The Somali tragedy
When I was in graduate school, I had a friend named Steve who had served on a naval vessel off the coast of Somalia during Operation Restore Hope. The combined UN and US humanitarian operations in Somalia during the early nineties are best remembered for leading to the “Black Hawk Down” operation that led to the deaths of 19 American servicemen, several of whose bodies were subsequently paraded and dragged through the streets.
Despite the tragedy, I never saw our efforts in Somalia as a failure — a view shared by Steve, who took pride in his role. The combined U.N.and American intervention in Somalia saved, by some estimates, up to 100,000 Somali lives. To call the mission a failure is to suggest the grim calculus that an American life is worth more than 5,000 Somali lives.
Now, eighteen years later, Somalis again face starvation in large numbers. Tens of thousands have already died, and hundreds of thousands are likely to die in the months to come. Although aid groups in the area have attempted to provide aid, opposition from Islamist Al Shabab militants in the affected areas have greatly hampered efforts to feed the hungry. Influenced by a xenophobic Al Qaeda ideology that hates and fears “Western influence” more than it values mass numbers of human lives, it is unlikely that Al Shabab leaders will permit levels of foreign aid that do more than make a small dent in the famine.
The crisis has largely been ignored in the American media — and in some ways understandably so, because it seems like little that can be done. There is no government that can be pressured into averting the impending catastrophe. Although I am not dissuading contributions to charities attempting to help Somali famine victims, it is not clear that either governmental or nongovernmental organizations will be able to effectively make aid available to those in need.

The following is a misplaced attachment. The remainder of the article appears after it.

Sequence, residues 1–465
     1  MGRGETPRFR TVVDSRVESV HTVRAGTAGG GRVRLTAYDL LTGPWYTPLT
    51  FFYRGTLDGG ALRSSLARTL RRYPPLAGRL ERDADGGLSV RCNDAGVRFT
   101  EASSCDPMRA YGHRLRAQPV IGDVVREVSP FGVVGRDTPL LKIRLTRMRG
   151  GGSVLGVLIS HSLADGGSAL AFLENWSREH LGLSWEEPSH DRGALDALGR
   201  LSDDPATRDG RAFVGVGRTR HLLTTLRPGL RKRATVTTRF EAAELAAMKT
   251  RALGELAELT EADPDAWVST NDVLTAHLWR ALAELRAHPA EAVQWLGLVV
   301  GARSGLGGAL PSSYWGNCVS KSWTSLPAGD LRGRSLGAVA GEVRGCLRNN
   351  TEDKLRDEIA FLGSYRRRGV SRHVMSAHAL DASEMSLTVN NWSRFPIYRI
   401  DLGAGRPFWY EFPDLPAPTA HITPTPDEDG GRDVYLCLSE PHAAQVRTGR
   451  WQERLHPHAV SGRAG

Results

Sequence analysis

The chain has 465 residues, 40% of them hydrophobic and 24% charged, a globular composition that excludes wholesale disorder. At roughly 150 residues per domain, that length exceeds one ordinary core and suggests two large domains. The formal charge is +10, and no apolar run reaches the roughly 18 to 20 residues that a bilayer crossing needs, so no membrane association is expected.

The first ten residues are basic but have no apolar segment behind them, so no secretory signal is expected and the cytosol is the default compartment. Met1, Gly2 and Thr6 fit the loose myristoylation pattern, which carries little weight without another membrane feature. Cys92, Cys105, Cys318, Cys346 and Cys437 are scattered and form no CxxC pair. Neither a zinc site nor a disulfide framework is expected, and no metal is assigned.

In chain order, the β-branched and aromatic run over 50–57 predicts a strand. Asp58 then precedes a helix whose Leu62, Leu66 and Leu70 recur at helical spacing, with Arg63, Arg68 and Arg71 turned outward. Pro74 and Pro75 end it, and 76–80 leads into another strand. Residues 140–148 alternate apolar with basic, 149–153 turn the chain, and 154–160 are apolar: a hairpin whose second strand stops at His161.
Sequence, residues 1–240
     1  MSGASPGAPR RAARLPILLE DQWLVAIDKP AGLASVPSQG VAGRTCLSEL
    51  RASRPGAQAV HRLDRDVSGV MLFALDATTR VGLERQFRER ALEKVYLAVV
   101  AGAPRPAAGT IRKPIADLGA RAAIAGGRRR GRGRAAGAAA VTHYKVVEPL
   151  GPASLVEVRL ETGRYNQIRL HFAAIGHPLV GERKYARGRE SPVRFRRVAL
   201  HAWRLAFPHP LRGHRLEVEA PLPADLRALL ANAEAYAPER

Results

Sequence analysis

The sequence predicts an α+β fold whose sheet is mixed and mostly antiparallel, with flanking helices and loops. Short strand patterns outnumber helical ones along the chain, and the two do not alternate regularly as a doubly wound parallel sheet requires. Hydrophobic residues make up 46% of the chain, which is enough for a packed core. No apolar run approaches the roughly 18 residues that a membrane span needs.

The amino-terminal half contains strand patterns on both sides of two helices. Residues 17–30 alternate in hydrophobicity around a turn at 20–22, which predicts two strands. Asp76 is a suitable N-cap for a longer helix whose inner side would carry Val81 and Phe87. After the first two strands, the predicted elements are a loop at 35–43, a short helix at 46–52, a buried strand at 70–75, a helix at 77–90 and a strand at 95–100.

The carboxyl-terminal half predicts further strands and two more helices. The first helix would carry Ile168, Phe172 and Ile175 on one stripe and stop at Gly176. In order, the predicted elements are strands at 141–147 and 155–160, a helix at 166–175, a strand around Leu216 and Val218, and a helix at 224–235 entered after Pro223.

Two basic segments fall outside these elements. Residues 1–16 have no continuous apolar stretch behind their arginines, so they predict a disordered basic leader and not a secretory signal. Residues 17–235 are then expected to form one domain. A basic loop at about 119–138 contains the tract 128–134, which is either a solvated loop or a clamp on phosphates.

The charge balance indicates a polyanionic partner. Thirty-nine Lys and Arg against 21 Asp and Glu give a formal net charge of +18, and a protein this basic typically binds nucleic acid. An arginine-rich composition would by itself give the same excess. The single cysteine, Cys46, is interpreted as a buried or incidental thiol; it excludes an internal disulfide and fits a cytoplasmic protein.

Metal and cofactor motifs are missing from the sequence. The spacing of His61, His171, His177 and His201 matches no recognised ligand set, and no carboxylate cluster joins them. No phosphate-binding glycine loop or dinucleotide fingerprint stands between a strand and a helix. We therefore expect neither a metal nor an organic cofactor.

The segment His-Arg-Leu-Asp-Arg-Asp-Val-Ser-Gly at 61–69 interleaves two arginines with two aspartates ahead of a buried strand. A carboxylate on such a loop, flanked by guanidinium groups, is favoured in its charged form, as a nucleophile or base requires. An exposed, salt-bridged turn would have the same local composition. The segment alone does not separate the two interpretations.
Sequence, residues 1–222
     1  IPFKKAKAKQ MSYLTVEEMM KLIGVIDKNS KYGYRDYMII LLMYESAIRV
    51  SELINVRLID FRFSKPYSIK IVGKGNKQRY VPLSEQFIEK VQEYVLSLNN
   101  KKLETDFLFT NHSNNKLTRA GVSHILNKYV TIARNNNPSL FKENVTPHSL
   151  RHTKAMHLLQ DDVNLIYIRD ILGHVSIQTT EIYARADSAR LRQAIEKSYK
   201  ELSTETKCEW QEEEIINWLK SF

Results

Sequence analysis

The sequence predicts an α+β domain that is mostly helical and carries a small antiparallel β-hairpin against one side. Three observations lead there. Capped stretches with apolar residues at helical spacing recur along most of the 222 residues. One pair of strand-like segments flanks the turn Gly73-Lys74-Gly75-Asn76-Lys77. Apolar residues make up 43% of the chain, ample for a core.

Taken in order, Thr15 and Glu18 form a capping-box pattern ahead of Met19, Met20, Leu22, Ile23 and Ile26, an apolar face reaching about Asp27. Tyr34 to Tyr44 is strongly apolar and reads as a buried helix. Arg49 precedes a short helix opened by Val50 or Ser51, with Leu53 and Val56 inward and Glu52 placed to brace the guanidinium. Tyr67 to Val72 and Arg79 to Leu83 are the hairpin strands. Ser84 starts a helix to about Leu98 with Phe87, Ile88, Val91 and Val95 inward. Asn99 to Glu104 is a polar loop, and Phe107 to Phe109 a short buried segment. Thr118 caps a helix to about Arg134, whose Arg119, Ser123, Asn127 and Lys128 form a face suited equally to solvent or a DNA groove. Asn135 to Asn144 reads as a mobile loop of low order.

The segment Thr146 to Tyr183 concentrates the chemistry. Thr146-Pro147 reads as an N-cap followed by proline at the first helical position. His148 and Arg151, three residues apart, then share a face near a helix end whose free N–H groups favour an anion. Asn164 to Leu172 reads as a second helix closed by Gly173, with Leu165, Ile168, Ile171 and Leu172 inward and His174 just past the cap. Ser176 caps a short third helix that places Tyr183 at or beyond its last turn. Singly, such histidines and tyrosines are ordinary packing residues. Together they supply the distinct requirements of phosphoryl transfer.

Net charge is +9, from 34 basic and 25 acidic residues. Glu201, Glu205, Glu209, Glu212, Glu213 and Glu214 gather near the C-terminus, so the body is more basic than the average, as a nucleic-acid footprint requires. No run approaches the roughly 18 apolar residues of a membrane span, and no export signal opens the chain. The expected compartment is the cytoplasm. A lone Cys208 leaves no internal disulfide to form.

Just as our intervention in the early nineties was the right thing to do, so too would a measured U.S. military intervention to protect aid supplies be the “right” thing to do now. The UN would never be able to garner the political will to send in peacekeeping troops, and the United States is one of the few countries with the capacity to deploy troops in a timely fashion. It is, however, not 1993, and the American public is far too conflict-weary after a decade of deployments and thousands of lives lost in foreign land to ever support such an intervention.
One of the few feasible measures the Obama administration can take is to pressure the African Union to expand its efforts beyond its small foothold in Mogadishu and into the countryside. This would require a rapid increase in the number of available troops (currently about 9000 are deployed there), operational financing, and offshore logistical support that could be offered by the U.S. Navy. It would take at least the will to “lead-from-behind” as we did in the Libyan conflict.
Sadly, I don’t have much hope that such an operation could take place in the little amount of time available. Even if it were feasible, it is unlikely that the African leaders would be willing to deploy and risk the lives of so many of their own forces in a humanitarian effort without any pressing national interests.
Short of any military operation to protect relief supplies, the only thing the world community can do is make it known to the leaders of Al Shabab that it views the organization as responsible for the hundreds of thousands of people under its control. Al Shabab leadership is unlikely to be shamed by outside criticism, but global protest will at least focus attention on the fact that those affiliated with Al Qaeda are once again bringing misery and death to the Muslim world. Absent a sense of global outrage, Somalis are certain to continue suffering and losing their “worthless” lives, with hundreds of thousands of deaths barely registering a shrug of resignation from the world around them.